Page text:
Hands-On With The Vacheron Constantin Overseas Dual-Time Everest Edition
It’s been a few weeks since some of the Fratello team packed our bags and headed to Switzerland for Geneva Watch Days 2021. That may technically now be old news, but some of the fantastic things we saw were top secret and under embargo, so we’ve been unable to share them with you. Well, today, I can share one of those fantastical things now that it’s made its way into the open. That is the new production version of the Vacheron Constantin Overseas Dual-Time Everest.
Back in 2019, Vacheron Constantin held an event in New York to celebrate the recent attempt of noted pro-photographer, explorer, and VC ambassador Cory Richards to ascend Mount Everest along the Tibetan North-East Ridge. Amazingly, this wasn’t even the first time that Cory had climbed Mount Everest. Most explorers who traverse up Mount Everest never even make it to the peak, whereas Richards had summited the world-famous peak twice before. To make his feat even more impressive, he completed one of those ascents without any supplemental oxygen.
But what was on his wrist?
From a horological point of view, the exciting thing about this mission was the watch that Cory Richards took with him. That’s right, it was a new version of the Vacheron Constantin Overseas Dual-Time. At that time, the watch was only a prototype, but what better way to conduct field testing than in one of the world’s most hostile environments, right? The extremely low temperatures, weather conditions, and the rigors of mountain climbing provided an excellent testing regime.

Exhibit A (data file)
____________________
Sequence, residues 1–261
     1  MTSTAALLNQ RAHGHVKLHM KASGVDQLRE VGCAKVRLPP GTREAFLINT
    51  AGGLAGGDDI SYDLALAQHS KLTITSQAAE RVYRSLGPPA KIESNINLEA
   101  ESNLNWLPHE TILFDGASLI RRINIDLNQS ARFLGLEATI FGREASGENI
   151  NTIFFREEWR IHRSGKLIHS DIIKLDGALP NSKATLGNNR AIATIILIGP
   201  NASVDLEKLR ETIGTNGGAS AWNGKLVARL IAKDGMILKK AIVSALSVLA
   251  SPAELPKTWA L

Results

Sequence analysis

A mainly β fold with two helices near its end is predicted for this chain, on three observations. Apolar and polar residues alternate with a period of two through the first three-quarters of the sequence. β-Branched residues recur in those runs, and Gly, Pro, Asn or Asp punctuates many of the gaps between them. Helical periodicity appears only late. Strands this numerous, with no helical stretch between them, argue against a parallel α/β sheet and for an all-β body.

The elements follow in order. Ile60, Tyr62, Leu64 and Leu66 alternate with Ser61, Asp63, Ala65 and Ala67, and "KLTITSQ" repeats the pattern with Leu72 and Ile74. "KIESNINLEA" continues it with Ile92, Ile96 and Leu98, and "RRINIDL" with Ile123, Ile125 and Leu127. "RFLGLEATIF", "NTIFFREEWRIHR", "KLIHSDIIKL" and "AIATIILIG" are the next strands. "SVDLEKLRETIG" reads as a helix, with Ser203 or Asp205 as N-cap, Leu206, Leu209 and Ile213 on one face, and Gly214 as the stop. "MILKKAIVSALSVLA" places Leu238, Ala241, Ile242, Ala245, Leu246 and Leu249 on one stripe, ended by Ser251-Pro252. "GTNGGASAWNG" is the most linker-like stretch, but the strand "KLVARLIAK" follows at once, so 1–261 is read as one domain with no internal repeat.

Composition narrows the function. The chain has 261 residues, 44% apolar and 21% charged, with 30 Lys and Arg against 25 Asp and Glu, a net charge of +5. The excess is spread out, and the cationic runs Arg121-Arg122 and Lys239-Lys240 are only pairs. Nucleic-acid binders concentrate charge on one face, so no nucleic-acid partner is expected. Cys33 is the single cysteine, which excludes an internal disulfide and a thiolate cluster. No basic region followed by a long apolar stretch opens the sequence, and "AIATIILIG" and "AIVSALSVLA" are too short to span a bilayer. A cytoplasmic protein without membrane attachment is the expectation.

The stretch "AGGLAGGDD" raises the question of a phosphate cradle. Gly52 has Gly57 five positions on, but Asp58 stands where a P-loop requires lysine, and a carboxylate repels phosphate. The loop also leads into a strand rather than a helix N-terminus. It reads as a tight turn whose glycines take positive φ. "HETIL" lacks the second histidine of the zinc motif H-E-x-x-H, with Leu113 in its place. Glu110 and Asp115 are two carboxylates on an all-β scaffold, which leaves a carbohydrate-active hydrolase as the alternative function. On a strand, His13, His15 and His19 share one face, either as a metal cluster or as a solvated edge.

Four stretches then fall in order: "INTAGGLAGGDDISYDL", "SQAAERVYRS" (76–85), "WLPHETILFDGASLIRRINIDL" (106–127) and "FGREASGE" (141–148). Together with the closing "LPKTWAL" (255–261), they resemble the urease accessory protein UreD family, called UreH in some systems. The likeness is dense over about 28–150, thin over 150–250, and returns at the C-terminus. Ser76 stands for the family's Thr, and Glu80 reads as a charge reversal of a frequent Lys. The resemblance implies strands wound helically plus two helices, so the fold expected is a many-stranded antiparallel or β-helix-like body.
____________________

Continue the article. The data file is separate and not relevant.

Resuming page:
…a real, rugged makeover.
Now, like many of us, I had seen the press photographs back in 2019 when Vacheron Constantin first acknowledged the project. It was made very clear that this was a prototype watch and that there were no plans in place to announce a full production version. The watch community breathed a collective sigh of despair, as Vacheron had done something quite remarkable with this piece. It had taken the sporty-yet-classy Overseas Dual-Time and given it a real, rugged makeover. The finished project was quite simply superb.
The Overseas Dual-Time Everest is available to the masses!
Now, that collective sigh of despair will turn to relief as Vacheron has decided that testing is complete and the watch is ready and moving to production! Hooray! I mean, let me be honest for a second; I won’t be adding this watch to my collection any time soon. My bank manager would have a heart attack if I even tried. But the fact that those lucky enough to afford it can enjoy it brings me a certain amount of happiness. I fell hard and fast in love in the short time I spent with the watch. In fact, I fell in love a lot during that week in Geneva; it appears that I’m some kind of loose, watch-loving floozy.
Raid those piggy banks and check for change down the sides of the sofa.
I must hasten to add, however, that “moving to production” doesn’t mean unlimited availability. Vacheron Constantin is limiting the production of the Overseas Dual-Time Everest (and its chronograph counterpart) to 150 pieces. If you want one, you’ll probably have to act fast and register your interest right away. People have had two years to fall in love with the model and decide they want to buy, so don’t wait around. Raid those piggy banks and check for change down the sides of the sofa.
Tell me more about this new Overseas